Clearly, these behaviors are not exclusive to CAPD. This is why one cannot diagnose CAPD on the basis of symptoms reported on questionnaires, and why audiologists must rely on efficient test batteries that are sensitive to the integrity of the central auditory nervous system (CANS), as delineated in the AAA and ASHA guidelines,2,3 and in Musiek and Chermak.17 Moreover, many children referred for CAPD evaluations because of “listening difficulties” actually perform quite well on central auditory processing measures,18,19 such that the use of reports of listening difficulties as a diagnostic marker for CAPD may lead to over-identification and overuse of the diagnostic label. Since central auditory measures show a significant degree of construct validity in neurological models of CAPD, this lack of agreement between observer-report and performance-based measures indicates that subjective report of listening difficulties is not predictive of true CAPD.
CAUSES OF CAPD
Analogies have been made comparing CAPD to a broken arm, noting that the broken arm might have been caused by multiple types of accidents, and therefore, one cannot link a particular cause with the particular injury.4 However, brain injury is just one of the etiologies underlying CAPD. CAPD results from a number of issues affecting the CANS: neurological lesions or compromise of the CANS, including neoplasms, neurodegenerative processes (eg, multiple sclerosis, Alzheimer’s),20-22 or impaired cerebral circulation (eg, strokes)23,24; aging/central presbycusis25; noise exposure26; and exposure to neurotoxic chemicals or heavy metals (eg, styrene, lead, mercury).27
In fact, the large majority of children diagnosed with CAPD present neurodevelopmental CAPD (the result of some underlying benign, diffuse neuroanatomic/neuromorphological abnormalities) in the absence of identifiable underlying neuropathology.28 In these cases, typically there is no identifiable lesion of the CANS and no apparent prenatal or perinatal, disease, injury, or exposure-related explanation for the CAPD.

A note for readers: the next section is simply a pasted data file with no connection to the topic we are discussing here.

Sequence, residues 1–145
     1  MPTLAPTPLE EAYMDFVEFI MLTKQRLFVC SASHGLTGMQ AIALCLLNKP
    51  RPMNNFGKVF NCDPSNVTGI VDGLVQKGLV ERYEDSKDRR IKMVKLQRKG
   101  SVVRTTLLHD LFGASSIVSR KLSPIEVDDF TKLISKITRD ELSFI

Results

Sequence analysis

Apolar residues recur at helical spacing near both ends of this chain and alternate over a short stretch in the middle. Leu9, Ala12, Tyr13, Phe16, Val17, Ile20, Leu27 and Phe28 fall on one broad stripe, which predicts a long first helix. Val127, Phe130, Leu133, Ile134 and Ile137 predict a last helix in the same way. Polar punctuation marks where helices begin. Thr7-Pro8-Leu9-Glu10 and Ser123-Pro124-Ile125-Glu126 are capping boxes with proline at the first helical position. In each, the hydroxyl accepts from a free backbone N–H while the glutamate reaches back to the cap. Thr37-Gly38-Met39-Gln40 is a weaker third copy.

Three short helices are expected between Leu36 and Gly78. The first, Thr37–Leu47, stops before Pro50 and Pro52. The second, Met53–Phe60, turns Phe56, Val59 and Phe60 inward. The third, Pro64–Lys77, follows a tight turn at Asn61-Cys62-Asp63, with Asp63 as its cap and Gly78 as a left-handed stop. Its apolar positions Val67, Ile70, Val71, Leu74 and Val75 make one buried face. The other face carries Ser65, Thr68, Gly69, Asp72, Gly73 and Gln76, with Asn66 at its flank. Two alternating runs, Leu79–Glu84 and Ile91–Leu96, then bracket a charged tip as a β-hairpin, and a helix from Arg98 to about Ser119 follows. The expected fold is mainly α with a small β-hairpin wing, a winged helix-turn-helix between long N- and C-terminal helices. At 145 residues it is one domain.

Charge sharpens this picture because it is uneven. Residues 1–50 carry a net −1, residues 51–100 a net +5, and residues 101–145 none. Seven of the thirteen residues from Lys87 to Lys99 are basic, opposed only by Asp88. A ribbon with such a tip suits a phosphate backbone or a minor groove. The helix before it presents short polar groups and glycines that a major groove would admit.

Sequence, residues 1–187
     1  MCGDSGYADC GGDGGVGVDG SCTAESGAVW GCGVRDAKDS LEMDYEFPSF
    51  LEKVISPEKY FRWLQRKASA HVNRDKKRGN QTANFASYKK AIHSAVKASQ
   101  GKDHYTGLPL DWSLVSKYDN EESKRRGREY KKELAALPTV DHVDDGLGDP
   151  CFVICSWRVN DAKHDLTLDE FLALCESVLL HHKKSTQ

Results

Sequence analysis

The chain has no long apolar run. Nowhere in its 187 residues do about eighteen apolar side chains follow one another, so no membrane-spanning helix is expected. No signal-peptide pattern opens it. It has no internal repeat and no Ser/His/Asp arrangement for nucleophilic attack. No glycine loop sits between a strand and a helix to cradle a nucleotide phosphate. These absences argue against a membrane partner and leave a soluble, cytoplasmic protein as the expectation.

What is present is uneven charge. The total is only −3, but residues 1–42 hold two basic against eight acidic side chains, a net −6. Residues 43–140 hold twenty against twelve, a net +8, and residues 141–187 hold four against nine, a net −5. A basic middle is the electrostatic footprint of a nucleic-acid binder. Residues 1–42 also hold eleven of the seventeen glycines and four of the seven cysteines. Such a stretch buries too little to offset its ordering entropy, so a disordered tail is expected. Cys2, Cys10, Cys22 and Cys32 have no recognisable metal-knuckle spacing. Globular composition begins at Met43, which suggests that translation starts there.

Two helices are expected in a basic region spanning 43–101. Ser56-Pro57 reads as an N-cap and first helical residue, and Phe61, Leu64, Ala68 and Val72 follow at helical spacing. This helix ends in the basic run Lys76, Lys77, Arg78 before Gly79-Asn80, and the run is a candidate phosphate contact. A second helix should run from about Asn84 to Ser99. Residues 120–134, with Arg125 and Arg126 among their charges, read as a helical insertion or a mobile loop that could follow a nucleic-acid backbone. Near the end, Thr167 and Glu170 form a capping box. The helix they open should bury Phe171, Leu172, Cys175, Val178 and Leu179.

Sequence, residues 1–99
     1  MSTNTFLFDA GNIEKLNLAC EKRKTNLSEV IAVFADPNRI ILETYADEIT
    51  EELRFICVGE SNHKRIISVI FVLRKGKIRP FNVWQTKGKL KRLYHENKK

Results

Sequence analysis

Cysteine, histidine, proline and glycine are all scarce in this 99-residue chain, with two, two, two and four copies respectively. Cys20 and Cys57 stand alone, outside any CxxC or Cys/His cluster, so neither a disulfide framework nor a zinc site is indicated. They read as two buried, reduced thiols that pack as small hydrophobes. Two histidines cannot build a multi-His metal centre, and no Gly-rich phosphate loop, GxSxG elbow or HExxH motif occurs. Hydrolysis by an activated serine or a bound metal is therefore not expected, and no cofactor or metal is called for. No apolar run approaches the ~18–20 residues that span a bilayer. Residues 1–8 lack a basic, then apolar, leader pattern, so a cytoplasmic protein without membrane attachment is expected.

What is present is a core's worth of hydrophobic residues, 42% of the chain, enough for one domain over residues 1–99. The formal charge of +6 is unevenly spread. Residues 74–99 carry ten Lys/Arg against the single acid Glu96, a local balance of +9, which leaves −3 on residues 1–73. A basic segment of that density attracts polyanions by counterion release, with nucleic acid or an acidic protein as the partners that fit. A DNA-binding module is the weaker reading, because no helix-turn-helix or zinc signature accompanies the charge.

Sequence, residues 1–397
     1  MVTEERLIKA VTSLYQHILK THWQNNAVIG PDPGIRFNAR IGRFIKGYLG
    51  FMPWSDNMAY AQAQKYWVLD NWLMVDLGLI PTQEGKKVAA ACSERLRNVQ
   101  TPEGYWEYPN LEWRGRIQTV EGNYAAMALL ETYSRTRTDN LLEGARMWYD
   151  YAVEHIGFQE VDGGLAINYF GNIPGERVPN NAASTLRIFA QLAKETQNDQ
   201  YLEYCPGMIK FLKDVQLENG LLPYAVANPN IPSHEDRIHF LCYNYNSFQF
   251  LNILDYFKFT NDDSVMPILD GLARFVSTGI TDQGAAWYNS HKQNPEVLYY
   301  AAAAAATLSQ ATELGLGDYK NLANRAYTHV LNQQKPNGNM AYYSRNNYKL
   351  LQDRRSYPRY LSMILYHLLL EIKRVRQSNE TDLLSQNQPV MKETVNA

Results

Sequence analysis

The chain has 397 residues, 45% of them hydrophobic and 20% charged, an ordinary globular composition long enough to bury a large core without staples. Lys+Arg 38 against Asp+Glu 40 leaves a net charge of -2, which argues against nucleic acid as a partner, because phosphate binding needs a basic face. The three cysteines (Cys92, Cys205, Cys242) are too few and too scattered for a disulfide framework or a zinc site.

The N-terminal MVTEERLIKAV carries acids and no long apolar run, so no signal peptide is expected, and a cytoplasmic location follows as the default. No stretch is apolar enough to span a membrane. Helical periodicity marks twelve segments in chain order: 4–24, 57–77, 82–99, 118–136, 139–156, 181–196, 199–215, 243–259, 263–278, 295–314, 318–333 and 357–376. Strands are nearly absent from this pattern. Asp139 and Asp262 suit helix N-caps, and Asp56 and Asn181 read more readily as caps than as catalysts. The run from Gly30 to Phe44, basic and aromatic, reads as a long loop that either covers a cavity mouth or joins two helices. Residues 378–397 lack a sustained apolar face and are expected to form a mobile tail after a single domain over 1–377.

Injury is not the underlying etiology for the second type of neurodevelopmental CAPD that results from neuromaturational delay, presumed to result from the slower course (delayed) of myelination or from auditory deprivation.29 The broken arm analogy ignores the fact that CAPD arises from a number of etiologies that all impact the CANS.30 Moreover, regardless of the etiology, the broken arm still moves consistent with the same underlying physical principles of movement and function. AAA guidelines2 support the use of an interpretive approach (as commonly used across many disciplines concerned with brain-behavior relationships) when test patterns that have been demonstrated to have good sensitivity and specificity in adults with confirmed CANS lesions23,31-33 are seen in children or older adults presenting that same pattern of test results. While the AAA guidelines2 recognize that an absolute gold standard may never exist due to the heterogeneity of the disorders affecting the CANS, accumulating evidence—including the studies by Boscariol et al34-38 detailed below—provide strong evidence that “structural changes in an area of the brain associated with auditory and language processing can lead to changes in auditory processing, and, therefore, in language and learning, as well.[p 16]”2